Story at a Glance.
Whilst it’s always easy to imagine that a tonne of money will solve all of your problems, as it transpires, it’s how you spend your money, not how much of it you have, that will put a smile on your dial.
And science can prove it.
What researchers at Harvard have found is that it’s not spending it on yourself that gives us a kick, it’s spending it on others.
“In particular, both correlational and experimental studies show that people who spend money on others report greater happiness. The benefits of such prosocial spending (spending on others) emerge among adults around the world, and the warm glow of giving can be detected even in toddlers,” the study noted.
Turns out, whilst we think we understand our relationship towards money and our connection to happiness – we don’t.
In the study(1) the researchers described the upcoming experiment to a group of non-participants.
People were to be approached on a university campus where they were to be given a $5 or $20 note. Half of the group were instructed to spend it on someone else and the other half, to spend it on themselves.
The non-participants were then asked what they predicted the outcome would be: who would be the happiest at the end of the experiment? Those spending the money on someone else or those enjoying the windfall for themselves?
Interestingly, the non-participants’ predictions weren’t just wrong. They were doubly wrong.
They believed having more money – the $20 rather than the $5 would make them happier. And that spending it on themselves would also increase their happiness.
At the end of the day the researchers interviewed the college students. Those who had been assigned the job of spending money on someone else reported feeling happier over the day than those who had the cash to spend on themselves. And moreover, it made no difference the amount of money they got to their overall happiness.
“Thus, people’s daily spending choices may be guided by flawed intuitions about the relationship between money and happiness,” notes the Harvard report.
Another study, on the psychological consequences of money, published in Science(2), suggests that money may isolate you, making you more of a loner and less likely to be happy.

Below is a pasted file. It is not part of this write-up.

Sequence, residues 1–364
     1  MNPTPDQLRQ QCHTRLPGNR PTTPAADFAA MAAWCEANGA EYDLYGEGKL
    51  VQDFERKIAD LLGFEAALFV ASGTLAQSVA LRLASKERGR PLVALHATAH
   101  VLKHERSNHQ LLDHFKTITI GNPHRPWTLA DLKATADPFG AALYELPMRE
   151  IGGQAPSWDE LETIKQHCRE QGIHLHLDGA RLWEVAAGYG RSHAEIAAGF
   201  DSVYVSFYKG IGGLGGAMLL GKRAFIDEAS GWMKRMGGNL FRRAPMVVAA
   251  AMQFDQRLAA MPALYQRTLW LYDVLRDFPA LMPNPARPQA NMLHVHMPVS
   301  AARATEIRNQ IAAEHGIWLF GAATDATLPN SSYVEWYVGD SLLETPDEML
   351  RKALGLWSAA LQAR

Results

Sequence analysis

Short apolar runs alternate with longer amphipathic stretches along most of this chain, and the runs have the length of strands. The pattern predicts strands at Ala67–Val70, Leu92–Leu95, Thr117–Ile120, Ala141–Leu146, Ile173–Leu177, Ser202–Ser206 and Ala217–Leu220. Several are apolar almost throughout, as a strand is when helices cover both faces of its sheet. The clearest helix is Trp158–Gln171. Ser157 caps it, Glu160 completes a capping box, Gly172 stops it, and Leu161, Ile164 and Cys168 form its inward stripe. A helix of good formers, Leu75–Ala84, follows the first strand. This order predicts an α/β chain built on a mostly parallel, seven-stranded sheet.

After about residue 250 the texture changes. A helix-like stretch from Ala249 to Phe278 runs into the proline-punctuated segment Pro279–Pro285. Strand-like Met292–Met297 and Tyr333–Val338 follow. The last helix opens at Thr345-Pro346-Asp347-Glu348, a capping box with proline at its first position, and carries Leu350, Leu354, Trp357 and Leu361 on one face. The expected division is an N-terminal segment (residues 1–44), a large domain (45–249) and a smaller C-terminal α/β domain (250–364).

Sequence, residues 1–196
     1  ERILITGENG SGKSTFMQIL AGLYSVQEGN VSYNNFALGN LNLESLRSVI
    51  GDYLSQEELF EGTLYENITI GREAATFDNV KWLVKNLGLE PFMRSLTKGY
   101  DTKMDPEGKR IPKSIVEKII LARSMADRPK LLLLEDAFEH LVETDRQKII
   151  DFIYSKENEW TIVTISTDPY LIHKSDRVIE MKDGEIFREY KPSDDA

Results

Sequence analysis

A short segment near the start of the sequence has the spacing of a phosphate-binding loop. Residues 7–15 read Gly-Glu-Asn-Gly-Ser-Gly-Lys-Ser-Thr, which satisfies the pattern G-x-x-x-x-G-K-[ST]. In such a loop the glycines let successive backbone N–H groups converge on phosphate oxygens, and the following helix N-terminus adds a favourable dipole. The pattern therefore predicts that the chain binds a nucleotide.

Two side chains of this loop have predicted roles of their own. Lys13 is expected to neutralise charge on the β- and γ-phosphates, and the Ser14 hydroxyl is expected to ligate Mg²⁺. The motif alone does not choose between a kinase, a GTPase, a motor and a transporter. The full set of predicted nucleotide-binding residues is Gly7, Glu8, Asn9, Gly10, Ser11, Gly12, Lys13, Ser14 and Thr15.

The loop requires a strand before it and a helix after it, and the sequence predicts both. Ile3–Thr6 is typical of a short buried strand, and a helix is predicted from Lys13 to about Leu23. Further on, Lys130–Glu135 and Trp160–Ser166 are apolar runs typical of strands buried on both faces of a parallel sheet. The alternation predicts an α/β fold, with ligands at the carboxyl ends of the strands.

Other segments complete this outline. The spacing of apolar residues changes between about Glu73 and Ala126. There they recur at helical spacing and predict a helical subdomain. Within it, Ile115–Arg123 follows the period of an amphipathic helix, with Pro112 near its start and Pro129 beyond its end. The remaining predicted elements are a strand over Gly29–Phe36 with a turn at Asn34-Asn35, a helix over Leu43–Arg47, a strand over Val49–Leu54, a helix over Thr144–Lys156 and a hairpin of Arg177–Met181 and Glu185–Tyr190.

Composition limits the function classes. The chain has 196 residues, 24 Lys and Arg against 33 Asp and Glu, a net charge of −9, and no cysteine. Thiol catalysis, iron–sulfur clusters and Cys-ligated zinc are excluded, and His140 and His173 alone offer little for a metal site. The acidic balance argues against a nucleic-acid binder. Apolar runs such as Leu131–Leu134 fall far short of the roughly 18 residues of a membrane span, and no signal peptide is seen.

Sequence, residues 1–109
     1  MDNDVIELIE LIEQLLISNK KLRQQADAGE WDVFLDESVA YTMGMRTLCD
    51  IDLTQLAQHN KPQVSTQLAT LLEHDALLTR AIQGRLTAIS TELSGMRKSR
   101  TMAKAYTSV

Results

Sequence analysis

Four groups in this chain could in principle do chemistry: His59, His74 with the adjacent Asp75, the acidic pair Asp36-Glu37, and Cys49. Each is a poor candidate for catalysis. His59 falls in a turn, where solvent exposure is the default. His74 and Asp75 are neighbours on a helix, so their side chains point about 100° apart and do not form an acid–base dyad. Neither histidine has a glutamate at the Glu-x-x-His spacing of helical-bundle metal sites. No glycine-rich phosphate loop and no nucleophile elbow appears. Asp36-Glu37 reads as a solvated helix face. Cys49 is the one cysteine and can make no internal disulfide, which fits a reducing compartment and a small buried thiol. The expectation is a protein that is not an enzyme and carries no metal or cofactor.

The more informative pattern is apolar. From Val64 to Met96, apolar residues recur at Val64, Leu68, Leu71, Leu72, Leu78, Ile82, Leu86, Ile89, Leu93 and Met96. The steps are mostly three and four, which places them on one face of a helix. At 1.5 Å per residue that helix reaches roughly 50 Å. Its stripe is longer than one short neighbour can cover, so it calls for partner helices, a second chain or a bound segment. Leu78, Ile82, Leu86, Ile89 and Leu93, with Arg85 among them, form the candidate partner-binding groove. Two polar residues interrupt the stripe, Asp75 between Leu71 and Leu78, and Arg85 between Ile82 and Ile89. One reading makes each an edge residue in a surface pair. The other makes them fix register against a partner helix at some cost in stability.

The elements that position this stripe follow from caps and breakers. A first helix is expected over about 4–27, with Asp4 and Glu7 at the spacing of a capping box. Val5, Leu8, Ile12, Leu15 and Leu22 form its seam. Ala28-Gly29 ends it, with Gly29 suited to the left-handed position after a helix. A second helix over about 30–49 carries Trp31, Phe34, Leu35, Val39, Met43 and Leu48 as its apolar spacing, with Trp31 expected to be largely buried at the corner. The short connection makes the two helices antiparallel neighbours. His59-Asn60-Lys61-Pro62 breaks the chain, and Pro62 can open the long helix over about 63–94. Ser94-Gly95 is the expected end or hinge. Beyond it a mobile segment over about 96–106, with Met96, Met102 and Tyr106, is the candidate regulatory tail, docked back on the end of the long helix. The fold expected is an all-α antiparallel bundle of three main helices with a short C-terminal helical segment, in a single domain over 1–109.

“… Participants primed with money preferred to play alone, work alone, and put more physical distance between themselves and a new acquaintance.”
Whilst it’s true that having money makes us want to go out and spend it on ourselves, thinking gleefully of all the happiness such purchases will provide, the truth is quite different. Spending money on other people is what actually makes us happy.
“Thinking about money may propel us toward using our financial resources to benefit ourselves, but spending money on others can provide a more effective route to increasing our own happiness,” notes the Harvard study.
And here’s the interesting bit of news.
It’s a worldwide phenomenon. It’s not just wealthy countries where folk get a kick out of helping other people, poor countries are the same. In another study at Harvard(3) they found that out of 136 countries, 120 of them all found a positive relationship between giving and happiness. And that was irrespective of whether the country was rich or poor.
“The robustness of this mechanism is supported by our finding that people experience emotional benefits from sharing their financial resources with others not only in countries where such resources are plentiful, but also in impoverished countries where scarcity might seem to limit the possibilities to reap the gains from giving to others.”
Now you’re asking yourself, why are we programmed this way? What’s the biological pay off?
The research(3) sums it up nicely…
“From an evolutionary perspective, the emotional rewards that people experience when they help others may serve as a proximate mechanism that evolved to facilitate prosocial behaviour, which may have carried short-term costs but long-term benefits for survival over human evolutionary history.”
Maybe it’s time to shelve looking for that new pair of shoes or buying a new handbag. You may find that buying a pair of shoes for someone who has holes in theirs will bring you far more joy than blowing the cash on your ones.
 Prosocial Spending and Happiness: Using Money to Benefit Others Pays Off. Dunn, Elizabeth W., Lara B. Aknin, and Michael I. Norton. Science. 2006 Nov 17;314(5802):1154-6.
Prosocial Spending and Well-Being: Cross-Cultural Evidence for a Psychological Universal. Lara B. Aknin, Christopher P. Barrington-Leigh, Elizabeth W. Dunn, and John F. Helliwell, Justine Burns Robert, Biswas-Diener, Imelda Kemeza, Paul Nyende, Claire E. Ashton-James. Journal of Personality and Social Psychology © 2013 American Psychological Association 2013, Vol. 104, No. 4, 635–652 0022-3514/13/$12.00 DOI: 10.1037/a0031578